Just going to list some things here that may help someone with an Office365 Hybrid deployment.
- Create mailboxes on premise Exchange ECP only and if it’s an existing user then create it on an on premise database instead of choosing Office365 and then migrate it to Office365.
- Assign licenses only after a mailbox is fully migrated over to Office365
- Ensure that the domain is verified by Microsoft on Office365 otherwise the user will not get your corporate email domain, instead they will get email@example.com
- PowerShell commands to update your AD objects with AD connect to AzureAD
Start-ADSyncSyncCycle -PolicyType Initial
Start-ADSyncSyncCycle -PolicyType Delta
- To empty deleted user objects immediately from Office365
Install-Module -Name AzureAD
Get-MsolUser -ReturnDeletedUsers | Remove-MsolUser -RemoveFromRecycleBin -Force
I will be adding/removing/updating this content as often as I can so it’s a living/breathing blog post. This is designed to be a somewhat cheat sheet for Exchange Hybrid deployments. I will do my best not to put too much clutter on here. Feel free to comment on corrections/additions/amendments to the content.
Found out how to uninstall Exchange Server 2019 on Windows 2019 core. The secret is run
setup /mode:uninstall /IAcceptExchangeServerLicenseTerms
and it will tell you something that the GUI doesn’t. One of the services is holding a file hostage, it may be different for you so I’m not going to post the specific file/service.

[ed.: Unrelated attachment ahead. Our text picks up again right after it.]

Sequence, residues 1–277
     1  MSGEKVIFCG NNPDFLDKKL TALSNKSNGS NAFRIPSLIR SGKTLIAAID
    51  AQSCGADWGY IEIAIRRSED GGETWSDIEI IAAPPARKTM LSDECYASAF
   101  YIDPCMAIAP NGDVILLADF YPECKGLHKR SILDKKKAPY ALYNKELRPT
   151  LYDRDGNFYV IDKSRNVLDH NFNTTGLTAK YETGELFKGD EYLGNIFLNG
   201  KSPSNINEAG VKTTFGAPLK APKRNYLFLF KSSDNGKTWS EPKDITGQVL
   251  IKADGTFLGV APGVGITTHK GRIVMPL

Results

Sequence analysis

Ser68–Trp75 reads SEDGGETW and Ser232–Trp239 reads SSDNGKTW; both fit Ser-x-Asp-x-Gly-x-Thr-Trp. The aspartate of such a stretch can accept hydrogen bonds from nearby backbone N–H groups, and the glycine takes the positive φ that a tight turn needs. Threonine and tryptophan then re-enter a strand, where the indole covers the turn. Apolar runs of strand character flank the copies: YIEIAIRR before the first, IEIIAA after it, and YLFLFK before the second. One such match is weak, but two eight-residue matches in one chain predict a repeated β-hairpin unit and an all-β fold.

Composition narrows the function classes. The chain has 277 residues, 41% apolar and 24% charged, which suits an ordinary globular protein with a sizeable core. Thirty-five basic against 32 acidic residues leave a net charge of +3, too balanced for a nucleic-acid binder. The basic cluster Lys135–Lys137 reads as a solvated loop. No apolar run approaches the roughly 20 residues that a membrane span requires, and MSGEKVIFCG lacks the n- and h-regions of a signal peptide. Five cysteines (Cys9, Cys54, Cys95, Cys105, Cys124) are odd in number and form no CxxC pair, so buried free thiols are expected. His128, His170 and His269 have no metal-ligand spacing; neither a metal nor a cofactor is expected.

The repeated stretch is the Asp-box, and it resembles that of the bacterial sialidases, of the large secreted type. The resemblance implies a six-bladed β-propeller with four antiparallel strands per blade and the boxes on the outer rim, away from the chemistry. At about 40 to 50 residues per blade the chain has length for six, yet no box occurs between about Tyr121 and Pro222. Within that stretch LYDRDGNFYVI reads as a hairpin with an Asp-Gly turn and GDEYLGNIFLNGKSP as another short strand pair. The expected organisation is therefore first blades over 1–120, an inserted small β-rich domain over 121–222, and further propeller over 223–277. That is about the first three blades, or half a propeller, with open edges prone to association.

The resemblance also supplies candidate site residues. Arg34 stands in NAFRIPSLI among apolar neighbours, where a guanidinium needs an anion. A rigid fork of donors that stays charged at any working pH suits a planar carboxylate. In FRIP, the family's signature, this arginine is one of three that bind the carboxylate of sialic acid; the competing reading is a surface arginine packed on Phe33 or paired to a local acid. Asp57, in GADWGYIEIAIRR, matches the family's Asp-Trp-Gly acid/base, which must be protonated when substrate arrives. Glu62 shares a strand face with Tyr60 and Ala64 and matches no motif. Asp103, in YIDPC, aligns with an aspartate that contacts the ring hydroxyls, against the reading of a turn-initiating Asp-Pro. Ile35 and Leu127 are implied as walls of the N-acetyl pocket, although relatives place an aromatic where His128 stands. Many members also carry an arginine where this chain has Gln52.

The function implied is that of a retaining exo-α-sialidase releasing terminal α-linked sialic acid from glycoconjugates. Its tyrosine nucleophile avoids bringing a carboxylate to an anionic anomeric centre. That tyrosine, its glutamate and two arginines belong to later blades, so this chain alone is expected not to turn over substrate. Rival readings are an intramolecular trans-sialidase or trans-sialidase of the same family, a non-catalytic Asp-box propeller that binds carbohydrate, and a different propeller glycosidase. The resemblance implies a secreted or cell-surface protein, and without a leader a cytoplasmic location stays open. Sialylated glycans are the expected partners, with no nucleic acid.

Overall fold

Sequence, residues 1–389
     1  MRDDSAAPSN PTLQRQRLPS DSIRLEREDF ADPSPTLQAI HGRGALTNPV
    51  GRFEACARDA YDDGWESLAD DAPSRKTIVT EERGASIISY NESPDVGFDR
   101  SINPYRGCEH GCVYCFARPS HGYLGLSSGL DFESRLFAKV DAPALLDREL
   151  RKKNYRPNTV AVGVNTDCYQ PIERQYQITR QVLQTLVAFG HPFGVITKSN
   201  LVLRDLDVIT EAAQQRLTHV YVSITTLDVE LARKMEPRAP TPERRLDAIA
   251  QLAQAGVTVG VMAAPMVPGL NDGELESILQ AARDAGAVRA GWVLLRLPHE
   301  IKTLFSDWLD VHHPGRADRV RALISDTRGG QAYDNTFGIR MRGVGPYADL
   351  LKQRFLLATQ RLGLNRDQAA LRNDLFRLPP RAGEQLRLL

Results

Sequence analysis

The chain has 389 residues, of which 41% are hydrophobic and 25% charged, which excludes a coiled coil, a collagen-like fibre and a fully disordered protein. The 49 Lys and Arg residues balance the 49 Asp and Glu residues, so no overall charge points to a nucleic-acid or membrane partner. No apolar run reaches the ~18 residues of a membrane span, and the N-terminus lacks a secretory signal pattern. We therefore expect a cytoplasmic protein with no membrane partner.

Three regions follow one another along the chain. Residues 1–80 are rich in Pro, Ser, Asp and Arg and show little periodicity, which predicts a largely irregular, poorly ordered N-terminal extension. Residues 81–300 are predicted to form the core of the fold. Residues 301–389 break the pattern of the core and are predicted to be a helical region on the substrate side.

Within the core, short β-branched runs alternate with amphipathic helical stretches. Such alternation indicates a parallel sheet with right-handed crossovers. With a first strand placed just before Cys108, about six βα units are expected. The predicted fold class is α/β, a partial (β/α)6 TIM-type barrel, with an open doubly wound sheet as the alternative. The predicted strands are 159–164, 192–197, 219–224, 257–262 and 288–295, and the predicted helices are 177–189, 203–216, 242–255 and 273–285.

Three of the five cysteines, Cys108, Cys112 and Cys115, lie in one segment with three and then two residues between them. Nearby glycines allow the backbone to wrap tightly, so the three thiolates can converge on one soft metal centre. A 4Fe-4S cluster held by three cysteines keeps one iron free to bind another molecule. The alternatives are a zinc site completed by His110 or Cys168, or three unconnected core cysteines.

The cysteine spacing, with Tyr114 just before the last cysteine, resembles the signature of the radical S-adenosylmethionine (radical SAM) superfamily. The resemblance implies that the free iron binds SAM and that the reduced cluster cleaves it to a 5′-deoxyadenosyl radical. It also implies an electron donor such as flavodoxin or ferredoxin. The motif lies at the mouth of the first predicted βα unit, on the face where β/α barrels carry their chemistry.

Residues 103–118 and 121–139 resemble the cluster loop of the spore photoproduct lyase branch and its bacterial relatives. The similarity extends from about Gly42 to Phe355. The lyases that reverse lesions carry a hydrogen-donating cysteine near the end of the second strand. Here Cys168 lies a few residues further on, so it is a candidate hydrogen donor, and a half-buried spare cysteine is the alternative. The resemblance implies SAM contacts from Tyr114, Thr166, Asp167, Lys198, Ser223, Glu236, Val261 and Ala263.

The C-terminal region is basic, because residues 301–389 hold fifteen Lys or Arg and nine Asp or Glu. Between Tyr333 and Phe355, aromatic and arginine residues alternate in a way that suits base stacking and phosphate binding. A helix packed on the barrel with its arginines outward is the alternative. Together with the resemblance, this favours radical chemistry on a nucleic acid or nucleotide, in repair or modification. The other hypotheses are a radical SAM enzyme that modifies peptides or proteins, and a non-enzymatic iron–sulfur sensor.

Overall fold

I just stopped that service and all exchange services and it worked!
The main symptom is that when you try to uninstall Exchange 2019 using GUI, the option to remove the check mark from the mailbox role is grayed out.
I hope this helps someone out there one day.
There is a known issue with the Ruby Listen module that Sass uses to watch files. The issue stems from Listen’s ability to monitor remote mounted file systems, in this case, Vagrant on a Windows host machine.
To remedy the issue you can use the Sass
--poll option with Sass. This is what the documentation says for the
This flag, which may only be passed along with
--watch, tells Sass to manually check for changes to the source files every so often instead of relying on the operating system to notify it when something changes. This may be necessary if you’re editing Sass on a remote drive where the operating system’s notification system doesn’t work.
To get Sass running with this option your watch command should look something like this:
$ sass --poll --watch scss:css
And that’s it! Happy styling!